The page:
East Durham’s newest business invites the community into deeper conversations on Black art and Black literature
By Hannah Lee | Photography by John Michael Simpson
Beverley Boitumelo Makhubele and Naledi Yaziyo assumed their checklist was complete. It was a thorough list, after all, of everything they had to do before Rofhiwa Book Cafe‘s grand opening on May 15. They purchased furniture, chose paint colors for the space. Pre-ordered hundreds of books. Delicately arranged displays to show off their wares. But seven hours after opening the doors, Bev and Naledi realized they’d overlooked one critical component:
“[Customers] wiped out our entire selection and our secondary selection within the day,” Bev, the founder, says. Naledi, the curator, adds: “We hadn’t thought that people would come here and buy every single copy.”
It’s not a bad problem to have for a business starting up well over a year into the pandemic. Bev and Naledi acquired the space at the southwest corner of Angier Avenue and South Driver Street in Old East Durham in October 2020.
“When we walked in, it was completely empty, and the lights were cut off,” Bev says. “We were like, ‘Oh, my gosh, what have we done?’ There was a lot of panic.”
That was a reasonable amount of concern, considering it’s the couple’s first foray into the entrepreneurial world. Bev has experience working in operations, and Naledi is a Duke graduate student and researcher studying cultural anthropology. The common denominator that ultimately drove their dream to where it is today is their combined love for combing through, collecting and curating African and Black literature.
Both have sizable libraries in their personal homes. Bev started exploring the idea of sharing their collection with their East Durham community in 2018, after the passing of their grandmother. “[Her death] kind of shifted a lot of things for me,” Bev says. “One of the things that I started to rethink about how to do was … collecting. I started to imagine what it might look like in the present moment, as an ongoing project.”
Bev met Naledi at The Pinhook a year later, and Naledi soon invited them over to her home. Books were scattered across nearly every surface – on tables, chairs, empty parts of the floor.
“I was like, ‘This person is curating in her living room,’” Bev says. “It was maybe the first time that I had felt and seen most clearly that this was a very obvious moment and opportunity for us to work together.”
The pair’s bond over books and the conversations they share regarding various Black narratives is ultimately what they hope customers experience in their colorful little corner of the world.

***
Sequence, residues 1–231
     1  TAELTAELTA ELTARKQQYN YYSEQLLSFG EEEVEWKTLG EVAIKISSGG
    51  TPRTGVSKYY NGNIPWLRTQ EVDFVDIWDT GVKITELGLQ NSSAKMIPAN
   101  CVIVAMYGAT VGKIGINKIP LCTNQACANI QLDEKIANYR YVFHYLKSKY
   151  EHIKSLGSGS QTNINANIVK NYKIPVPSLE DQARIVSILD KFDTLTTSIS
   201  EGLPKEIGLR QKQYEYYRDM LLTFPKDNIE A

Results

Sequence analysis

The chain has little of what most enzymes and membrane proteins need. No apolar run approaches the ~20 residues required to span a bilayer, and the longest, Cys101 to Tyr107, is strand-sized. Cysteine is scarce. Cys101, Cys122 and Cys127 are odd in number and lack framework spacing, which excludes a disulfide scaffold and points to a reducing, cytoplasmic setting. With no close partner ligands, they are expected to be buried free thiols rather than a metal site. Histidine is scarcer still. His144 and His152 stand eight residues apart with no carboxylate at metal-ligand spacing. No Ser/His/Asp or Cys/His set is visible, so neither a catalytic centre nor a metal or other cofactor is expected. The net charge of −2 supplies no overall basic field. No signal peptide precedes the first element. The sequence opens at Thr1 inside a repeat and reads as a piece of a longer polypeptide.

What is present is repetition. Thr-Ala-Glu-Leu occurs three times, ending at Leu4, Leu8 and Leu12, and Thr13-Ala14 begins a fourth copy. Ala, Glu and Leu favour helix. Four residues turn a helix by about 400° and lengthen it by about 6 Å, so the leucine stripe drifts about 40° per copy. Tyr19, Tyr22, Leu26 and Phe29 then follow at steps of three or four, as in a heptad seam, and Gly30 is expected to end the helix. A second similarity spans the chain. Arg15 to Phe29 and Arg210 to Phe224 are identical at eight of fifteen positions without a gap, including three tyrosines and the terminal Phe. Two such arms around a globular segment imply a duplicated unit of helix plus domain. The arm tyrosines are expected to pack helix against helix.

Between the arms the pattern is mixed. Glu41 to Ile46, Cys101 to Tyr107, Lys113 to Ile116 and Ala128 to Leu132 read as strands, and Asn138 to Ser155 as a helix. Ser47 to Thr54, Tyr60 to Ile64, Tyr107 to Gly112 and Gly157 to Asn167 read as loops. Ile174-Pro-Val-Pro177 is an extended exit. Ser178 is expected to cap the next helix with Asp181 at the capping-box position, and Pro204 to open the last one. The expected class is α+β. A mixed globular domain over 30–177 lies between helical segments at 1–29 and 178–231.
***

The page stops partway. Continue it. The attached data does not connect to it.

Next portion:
“We both grew up in libraries in South Africa that aren’t silent in the way that libraries are here,” Naledi says. “Community libraries in South Africa are community spaces. And so when Tumi [Bev] came to me with this vision of a bookstore that moves and accommodates people in ways that don’t feel like an imperial library, I was immediately intrigued. It felt like the thing that I already knew.”
Their vision grew into this bright and inviting blue- and orange-colored space, a successful realization of their mutual goal that became most apparent in July when the entire cafe was rearranged to host its first exhibition by Afro-American mixed media artist Shambo Medina. Every window, every open wall, was filled with his two- and three-dimensional paintings and sculptures. Two weeks later, 40 kids from Kestrel Heights Charter School filled the floor during an afternoon storytime.
The other half of this gathering place is the cafe, with its full-fledged coffee program sourcing from Three Keys Coffee as well as North Carolina-based Black and White Coffee Roasters. Chris McAuley and Chelsea Thoumsin of Getchusomegear – a project that exclusively serves marginalized coffee workers who do not have access to coffee gear – played an important role in educating the staff on barista basics. Bev and Naledi took over from there.
“We are committed to an ethic of changing the store and ourselves,” Bev says, “which is to be thinking about a Blackness that is always changing – a Blackness that isn’t one thing. And we tried to model that not only in the policies that we implement for the store, but also in the actual material effect of being able to make the store what it needs to be to help us think about that Blackness in that moment.”